A protein-rich diet promotes muscle growth and boosts fat metabolism. How much protein does the body need and how can I best incorporate protein-rich foods into my diet?
What is a high-protein diet?
With a high-protein diet, at least 20 percent of the daily calorie intake comes from proteins. Typical high-protein diets include the low-carb diet and the ketogenic diet.
What are the benefits of a high-protein diet?
A high-protein diet is beneficial in many ways. On the one hand, it keeps the blood sugar level low, which stimulates fat burning and at the same time prevents cravings. On the other hand, it contributes to muscle building and maintenance. Protein is a natural appetite suppressant because it fills you up the fastest and lasts the longest of all the energy suppliers.
How Much Protein Should I Consume?
The German Society for Nutrition (DGE) recommends a daily protein intake of at least 0.8 grams per kilogram of body weight. A person weighing 70 kg should therefore consume at least 56 grams of protein per day.
However, if you want to build muscle mass in a targeted manner, you should consume more than the recommended minimum amount of protein. Depending on the intensity of the strength training, strength athletes need 1.2 to 2 grams of protein per kilogram of body weight every day. For this, more protein-containing foods should be on the menu. Especially athletes who want to specifically strengthen their muscles, tendons, and ligaments use protein products with collagen (e.g. with Triple Perform with a tri-collagen complex). This protein is the most common in the body.
The upper limit for daily protein intake is two grams per kilogram of body weight. There is some evidence that eating more protein can overwhelm and eventually damage the kidneys, at least in those with pre-existing kidney problems.
Eat a high-protein diet for a day: the perfect protein meal plan
This is what a day with a protein-rich diet could look like: The morning starts with a fruity protein shake. At noon we continue with whole-grain pasta and protein-rich sauce. A salad is recommended in the evening.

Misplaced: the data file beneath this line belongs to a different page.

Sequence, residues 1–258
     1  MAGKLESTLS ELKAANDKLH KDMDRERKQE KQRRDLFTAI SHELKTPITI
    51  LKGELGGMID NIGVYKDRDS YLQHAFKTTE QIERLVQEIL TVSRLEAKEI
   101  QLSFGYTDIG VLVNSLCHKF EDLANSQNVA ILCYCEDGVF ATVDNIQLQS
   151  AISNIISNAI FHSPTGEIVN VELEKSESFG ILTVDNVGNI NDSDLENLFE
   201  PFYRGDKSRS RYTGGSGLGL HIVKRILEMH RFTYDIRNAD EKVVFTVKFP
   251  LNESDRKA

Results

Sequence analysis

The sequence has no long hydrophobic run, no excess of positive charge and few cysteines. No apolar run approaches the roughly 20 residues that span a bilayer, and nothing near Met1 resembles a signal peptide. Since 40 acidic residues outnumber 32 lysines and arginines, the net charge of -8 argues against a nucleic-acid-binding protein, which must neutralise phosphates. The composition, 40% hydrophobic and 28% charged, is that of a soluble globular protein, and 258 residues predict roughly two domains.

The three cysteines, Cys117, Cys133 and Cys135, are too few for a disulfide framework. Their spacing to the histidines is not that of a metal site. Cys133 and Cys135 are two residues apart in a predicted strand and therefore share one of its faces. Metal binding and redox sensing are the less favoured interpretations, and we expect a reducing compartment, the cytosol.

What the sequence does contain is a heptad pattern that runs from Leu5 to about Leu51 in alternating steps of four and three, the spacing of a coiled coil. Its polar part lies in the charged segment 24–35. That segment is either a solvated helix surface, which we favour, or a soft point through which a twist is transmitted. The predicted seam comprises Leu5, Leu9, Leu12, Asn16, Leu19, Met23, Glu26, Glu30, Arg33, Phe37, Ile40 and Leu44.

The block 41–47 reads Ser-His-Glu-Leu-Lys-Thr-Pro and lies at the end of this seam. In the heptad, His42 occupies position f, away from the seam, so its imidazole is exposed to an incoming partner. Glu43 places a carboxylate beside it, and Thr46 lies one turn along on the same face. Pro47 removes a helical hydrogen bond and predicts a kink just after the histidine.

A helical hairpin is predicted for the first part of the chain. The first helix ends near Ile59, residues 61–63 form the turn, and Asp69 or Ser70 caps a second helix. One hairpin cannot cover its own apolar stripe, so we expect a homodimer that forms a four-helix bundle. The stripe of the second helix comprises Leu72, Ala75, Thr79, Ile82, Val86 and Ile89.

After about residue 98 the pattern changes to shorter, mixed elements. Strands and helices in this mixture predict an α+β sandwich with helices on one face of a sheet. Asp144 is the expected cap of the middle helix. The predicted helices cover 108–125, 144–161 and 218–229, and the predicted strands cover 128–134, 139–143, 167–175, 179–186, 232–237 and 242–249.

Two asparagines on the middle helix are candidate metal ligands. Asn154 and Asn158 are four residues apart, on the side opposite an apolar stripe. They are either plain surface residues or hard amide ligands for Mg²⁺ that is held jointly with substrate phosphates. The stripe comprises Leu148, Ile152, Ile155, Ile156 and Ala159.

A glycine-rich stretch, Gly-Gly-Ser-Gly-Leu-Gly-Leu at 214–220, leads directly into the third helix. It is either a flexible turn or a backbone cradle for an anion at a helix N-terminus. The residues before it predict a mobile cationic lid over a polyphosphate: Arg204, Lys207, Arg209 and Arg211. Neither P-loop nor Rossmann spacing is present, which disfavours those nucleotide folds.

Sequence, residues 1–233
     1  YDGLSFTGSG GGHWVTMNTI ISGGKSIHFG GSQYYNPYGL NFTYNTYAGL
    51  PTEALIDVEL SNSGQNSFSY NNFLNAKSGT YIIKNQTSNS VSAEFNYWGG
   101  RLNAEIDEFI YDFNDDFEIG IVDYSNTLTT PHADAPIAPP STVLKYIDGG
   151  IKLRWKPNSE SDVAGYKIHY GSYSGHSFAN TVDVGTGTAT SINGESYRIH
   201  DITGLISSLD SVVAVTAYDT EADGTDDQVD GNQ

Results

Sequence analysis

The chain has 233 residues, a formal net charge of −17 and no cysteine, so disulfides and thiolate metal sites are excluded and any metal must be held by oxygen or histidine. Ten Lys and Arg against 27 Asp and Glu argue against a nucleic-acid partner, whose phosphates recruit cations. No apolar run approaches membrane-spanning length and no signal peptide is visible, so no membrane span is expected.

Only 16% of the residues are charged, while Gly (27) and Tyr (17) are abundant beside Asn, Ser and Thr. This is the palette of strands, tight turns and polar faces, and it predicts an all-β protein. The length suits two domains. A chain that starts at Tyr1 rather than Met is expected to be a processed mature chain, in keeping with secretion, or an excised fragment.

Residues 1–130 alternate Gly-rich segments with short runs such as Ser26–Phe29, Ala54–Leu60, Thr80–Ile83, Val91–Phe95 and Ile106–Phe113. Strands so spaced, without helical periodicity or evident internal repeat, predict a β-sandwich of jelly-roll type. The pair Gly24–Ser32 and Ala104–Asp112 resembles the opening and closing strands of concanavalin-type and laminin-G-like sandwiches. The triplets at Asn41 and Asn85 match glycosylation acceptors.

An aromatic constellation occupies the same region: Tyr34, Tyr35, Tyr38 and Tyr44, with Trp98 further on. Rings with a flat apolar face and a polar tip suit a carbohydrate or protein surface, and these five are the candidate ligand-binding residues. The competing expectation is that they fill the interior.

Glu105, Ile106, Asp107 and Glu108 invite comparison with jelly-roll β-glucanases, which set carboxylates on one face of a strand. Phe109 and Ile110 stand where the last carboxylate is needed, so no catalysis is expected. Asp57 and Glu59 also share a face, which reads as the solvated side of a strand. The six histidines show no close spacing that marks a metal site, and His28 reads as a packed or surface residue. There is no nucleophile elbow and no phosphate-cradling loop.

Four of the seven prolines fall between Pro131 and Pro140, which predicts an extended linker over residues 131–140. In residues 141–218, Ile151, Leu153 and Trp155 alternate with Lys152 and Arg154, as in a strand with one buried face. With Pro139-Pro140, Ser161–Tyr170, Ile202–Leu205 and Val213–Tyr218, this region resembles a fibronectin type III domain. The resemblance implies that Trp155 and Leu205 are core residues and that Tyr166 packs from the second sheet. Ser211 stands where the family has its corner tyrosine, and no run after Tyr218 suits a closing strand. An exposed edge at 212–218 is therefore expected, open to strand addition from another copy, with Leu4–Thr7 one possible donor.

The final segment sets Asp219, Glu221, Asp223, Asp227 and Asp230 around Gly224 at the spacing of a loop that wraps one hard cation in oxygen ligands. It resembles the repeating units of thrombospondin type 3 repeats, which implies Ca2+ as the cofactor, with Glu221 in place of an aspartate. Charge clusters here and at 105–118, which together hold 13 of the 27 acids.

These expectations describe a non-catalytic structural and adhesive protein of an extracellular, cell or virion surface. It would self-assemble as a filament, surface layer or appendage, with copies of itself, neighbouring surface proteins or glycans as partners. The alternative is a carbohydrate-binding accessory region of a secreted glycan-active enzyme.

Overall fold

Morning: Recipe berry shake
For 1 glass (approx. 300 ml): select 30 g raspberries. Wash 30 g blueberries and 1 bunch of currants and pat dry. Put 250 ml pure buttermilk, 1 pinch of turmeric, and berries in a blender and puree everything finely. Pour the shake into a glass and enjoy.
Preparation time approx. 5 minutes. Approx. 130 kcal; 12g protein, 2g fat, 11g carbohydrates.
Lunchtime: recipe for chicken penne
For 1 serving: Boil 1 liter of salted water. Dab 150 g chicken fillet dry, simmer gently in water for approx. 15 minutes. Remove. Prepare 70 g wholemeal penne. Add 40 g frozen peas about 3 minutes before the end of cooking. Chop 2 stalks of basil and 5 g of pistachios, and puree with 1 tbsp of oil and 1 tsp of grated Parmesan. Stir in the zest and juice of ¼ lime, and season. Drain pasta and peas. Wash 25 g purslane, shake dry, mix with pasta, peas, meat, and pesto, and enjoy.
Preparation time approx. 25 minutes. Approx. 440 kcal; 47g protein, 16g fat, 21g carbohydrates.
In the evening: recipe for a colorful steak salad
For 1 portion: Mix 1 tsp rice wine vinegar, 1 tsp soy sauce, 1 tbsp olive oil, 1 tsp sesame oil, and 1 tsp white miso paste, and marinate 150 g rump steak with half of it. Wash 30 g baby leaf lettuce and 30 g watercress, and shake dry. Finely chop ¼ red onion, 25 g cucumber, 1 radish, and 4 cherry tomatoes. Chop 1 tsp of peanuts, and toast. Fry the meat for approx. 8 minutes. Remove. Pour the meat juices from the pan into the remaining dressing, and stir. Cut meat into strips. arrange everything.
Preparation time approx. 30 minutes. Approx. 410 kcal; 38g protein, 22g fat, 12g carbohydrates.